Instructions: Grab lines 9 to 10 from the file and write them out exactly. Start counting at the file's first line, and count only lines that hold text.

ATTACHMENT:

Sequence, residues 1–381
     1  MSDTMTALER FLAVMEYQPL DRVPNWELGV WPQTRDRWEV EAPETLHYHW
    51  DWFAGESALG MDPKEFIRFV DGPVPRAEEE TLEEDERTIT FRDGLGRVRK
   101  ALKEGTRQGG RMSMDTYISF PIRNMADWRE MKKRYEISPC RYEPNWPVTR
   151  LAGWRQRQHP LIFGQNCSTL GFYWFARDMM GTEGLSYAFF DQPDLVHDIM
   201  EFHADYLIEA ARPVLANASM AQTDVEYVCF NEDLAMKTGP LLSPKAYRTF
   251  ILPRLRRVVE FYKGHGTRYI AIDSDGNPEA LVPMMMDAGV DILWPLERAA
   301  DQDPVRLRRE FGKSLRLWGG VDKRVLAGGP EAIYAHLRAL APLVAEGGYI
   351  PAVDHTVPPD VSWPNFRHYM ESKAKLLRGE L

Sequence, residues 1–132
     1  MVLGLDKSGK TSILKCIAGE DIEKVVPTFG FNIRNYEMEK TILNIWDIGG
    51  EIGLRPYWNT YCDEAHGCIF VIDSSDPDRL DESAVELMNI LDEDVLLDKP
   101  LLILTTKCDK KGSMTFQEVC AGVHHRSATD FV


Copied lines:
   351  PAVDHTVPPD VSWPNFRHYM ESKAKLLRGE L

Sequence, residues 1–132